Most of the population (as of 2000) speaks German (58.3%), with Italian being second most common (19.3%) and Romansh being third (12.8%).[4] Until the mid 19th Century, the entire population spoke the Upper-Engadin Romansh dialect of Puter. Due to increasing trade with the outside world, Romansh usage began to decline. In 1860 about 96% spoke Romansh as a first language, while in 1880 it had decreased to 76.9% and in 1900 it was 68%. The last time that Romansh was the majority language in Celerina/Schlarigna was in 1941. Following World War II German became the majority language. However, in 1990 there were still 41% who understood Romansh in Celerina/Schlarigna and in 2000 it was 35%.

Languages in Celerina/Schlarigna GR'
Languages Census 1980 Census 1990 Census 2000
Number Percent Number Percent Number Percent
German 390 43.82% 535 54.87% 789 58.31%
Romansh 273 30.67% 198 20.31% 173 12.79%
Italian 178 20.00% 176 18.05% 261 19.29%
Population 890 100% 975 100% 1353 100%

Heritage sites of national significance[edit]

San Gian church with its ruined bell tower

The Swiss Reformed Church of San Gian is listed as a Swiss heritage site of national significance.[10] The church is located on a hill above the Inn River. It was built in 1478 on the site of a chapel that was about 500 years older. The church is a single apse construction with a painted wood roof and notable frescoes. In 1682 the large bell tower was struck by lightning and the burned out roof was never replaced.


View of St Moritz and Celerina.

As Celerina/Schlarigna is located at the edge of the plain where the Flaz river (coming from the Bernina Pass) meets the Inn, this is the widest part of the Engadin valley, making Celerina the sunniest spot in the upper Engadin valley. Unlike its more famous neighboring town to the south (St.Moritz) Celerina has retained many historic buildings in its town center, many dating back to the 17th century. The town has three historic churches, the small romanesque church in Cresta, the gothic church of San Gian (current structure dating to 1478, but based on a chapel at least 400 years older than that) in the middle of the plain, and the baroque style, 1669 Bel Taimpel in the heart of the village.

Formerly a farming village, over the last few decades the importance of tourism has increased dramatically in Celerina/Schlarigna. There are no really big hotels, but a handful of medium and small hotels and inns, but the core tourisms stems from vacation apartments, both owner occupied second homes and temporary rentals. There is both summer and winter tourism. The winter season is more important. Summer guest enjoy hiking and mountaineering. Mountain biking has also become popular. Nearby there are also opportunities for golf, glider flying, swimming and hang-gliding. Winter sports include both Nordic and alpine skiing, bobsleigh, and skeleton (sport), (the famous Cresta Run ends in Celerina). There is a direct skiers gondola from Celerina into the heart of the St.Moritz ski area of Corviglia/Marguns, a major portion of which lies in the municipality of Celerina/Schlarigna.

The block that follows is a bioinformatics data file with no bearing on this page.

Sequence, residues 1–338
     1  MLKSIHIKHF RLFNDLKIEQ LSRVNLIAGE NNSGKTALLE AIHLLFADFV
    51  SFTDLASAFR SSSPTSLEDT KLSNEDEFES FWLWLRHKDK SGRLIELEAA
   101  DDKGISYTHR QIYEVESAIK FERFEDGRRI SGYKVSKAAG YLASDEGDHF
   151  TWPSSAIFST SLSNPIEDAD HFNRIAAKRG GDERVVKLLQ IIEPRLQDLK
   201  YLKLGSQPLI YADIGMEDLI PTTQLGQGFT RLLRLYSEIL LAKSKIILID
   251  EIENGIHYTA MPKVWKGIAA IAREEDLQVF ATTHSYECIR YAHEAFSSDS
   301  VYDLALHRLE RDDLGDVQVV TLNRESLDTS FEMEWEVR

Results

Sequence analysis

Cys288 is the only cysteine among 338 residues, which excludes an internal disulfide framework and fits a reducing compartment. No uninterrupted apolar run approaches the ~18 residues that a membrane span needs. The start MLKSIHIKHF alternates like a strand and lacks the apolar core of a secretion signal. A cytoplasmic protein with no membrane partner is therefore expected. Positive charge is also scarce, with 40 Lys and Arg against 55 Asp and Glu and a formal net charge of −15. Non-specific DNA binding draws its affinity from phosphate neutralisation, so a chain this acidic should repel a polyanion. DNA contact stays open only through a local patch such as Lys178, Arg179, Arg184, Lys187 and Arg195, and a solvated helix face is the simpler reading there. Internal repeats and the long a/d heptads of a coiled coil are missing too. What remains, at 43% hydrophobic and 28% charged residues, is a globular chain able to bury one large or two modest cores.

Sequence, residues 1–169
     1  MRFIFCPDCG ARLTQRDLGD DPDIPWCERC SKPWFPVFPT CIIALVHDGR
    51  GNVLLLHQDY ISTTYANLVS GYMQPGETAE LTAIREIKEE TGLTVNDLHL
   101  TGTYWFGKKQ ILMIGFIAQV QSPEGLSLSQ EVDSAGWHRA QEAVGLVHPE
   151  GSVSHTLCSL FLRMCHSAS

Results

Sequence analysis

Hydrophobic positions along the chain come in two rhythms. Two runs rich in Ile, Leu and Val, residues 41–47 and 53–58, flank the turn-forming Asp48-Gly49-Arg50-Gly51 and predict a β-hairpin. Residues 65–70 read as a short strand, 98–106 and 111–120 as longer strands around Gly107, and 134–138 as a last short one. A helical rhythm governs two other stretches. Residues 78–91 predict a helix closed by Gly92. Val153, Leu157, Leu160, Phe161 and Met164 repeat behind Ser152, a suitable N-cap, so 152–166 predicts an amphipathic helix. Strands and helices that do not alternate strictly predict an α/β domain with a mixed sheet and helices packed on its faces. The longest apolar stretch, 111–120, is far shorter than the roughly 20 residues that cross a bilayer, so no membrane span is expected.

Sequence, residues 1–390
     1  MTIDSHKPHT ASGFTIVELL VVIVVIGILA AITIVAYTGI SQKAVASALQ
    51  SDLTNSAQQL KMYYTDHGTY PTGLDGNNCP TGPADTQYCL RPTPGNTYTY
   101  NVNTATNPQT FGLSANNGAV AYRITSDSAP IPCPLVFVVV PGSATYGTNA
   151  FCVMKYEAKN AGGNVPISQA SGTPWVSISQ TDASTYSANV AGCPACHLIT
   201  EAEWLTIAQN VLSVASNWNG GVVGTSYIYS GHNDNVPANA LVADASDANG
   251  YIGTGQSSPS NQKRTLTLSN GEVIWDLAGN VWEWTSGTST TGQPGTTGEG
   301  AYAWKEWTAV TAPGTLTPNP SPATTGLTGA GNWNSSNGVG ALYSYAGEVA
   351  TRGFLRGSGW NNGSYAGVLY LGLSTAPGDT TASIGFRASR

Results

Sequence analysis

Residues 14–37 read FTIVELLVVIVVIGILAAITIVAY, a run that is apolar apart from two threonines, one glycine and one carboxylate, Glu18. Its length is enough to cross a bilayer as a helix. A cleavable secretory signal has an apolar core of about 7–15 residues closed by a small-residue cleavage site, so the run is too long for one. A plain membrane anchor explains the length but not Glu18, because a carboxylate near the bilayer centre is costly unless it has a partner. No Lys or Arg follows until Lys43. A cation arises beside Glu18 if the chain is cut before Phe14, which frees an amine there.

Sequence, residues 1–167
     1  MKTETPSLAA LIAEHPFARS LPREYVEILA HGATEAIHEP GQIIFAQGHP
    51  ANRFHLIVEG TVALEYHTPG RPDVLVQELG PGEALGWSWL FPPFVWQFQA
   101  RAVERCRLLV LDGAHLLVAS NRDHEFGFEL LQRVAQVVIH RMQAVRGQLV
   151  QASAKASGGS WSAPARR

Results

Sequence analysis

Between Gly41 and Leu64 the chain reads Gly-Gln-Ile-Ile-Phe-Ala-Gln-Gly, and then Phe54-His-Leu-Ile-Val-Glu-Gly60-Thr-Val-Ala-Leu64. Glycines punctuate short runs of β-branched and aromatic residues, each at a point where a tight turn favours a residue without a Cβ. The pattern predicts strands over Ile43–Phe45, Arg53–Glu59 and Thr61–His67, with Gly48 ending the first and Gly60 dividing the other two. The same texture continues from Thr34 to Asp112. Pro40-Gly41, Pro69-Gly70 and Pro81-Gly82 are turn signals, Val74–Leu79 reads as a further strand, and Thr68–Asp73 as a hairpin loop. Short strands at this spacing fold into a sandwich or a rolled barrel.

Rhaetian Railway operates trains to Celerina (Rhaetian Railway station).


  1. ^ a b "Arealstatistik Standard - Gemeinden nach 4 Hauptbereichen". Federal Statistical Office. Retrieved 13 January 2019.
  2. ^ "Ständige Wohnbevölkerung nach Staatsangehörigkeitskategorie Geschlecht und Gemeinde; Provisorische Jahresergebnisse; 2018". Federal Statistical Office. 9 April 2019. Retrieved 11 April 2019.
  3. ^ a b Celerina/Schlarigna in German, French and Italian in the online Historical Dictionary of Switzerland.
  4. ^ a b c d e f Swiss Federal Statistical Office Archived January 5, 2016, at the Wayback Machine accessed 20-Oct-2009
  5. ^ Swiss Federal Statistical Office - Amtliches Gemeindeverzeichnis der Schweiz - Mutationsmeldungen 2016 accessed 16 February 2017
  6. ^ Amtliches Gemeindeverzeichnis der Schweiz published by the Swiss Federal Statistical Office (in German) accessed 23 September 2009
  7. ^ Swiss Federal Statistical Office - STAT-TAB, online database – Ständige und nichtständige Wohnbevölkerung nach institutionellen Gliederungen, Geburtsort und Staatsangehörigkeit (in German) accessed 23 September 2019
  8. ^ a b c Graubunden Population Statistics Archived August 27, 2009, at the Wayback Machine (in German) accessed 21 September 2009
  9. ^ a b Graubunden in Numbers Archived September 24, 2009, at the Wayback Machine (in German) accessed 21 September 2009
  10. ^ Swiss inventory of cultural property of national and regional significance Archived May 1, 2009, at the Wayback Machine 21.11.2008 version, (in German) accessed 20-Oct-2009

External links[edit]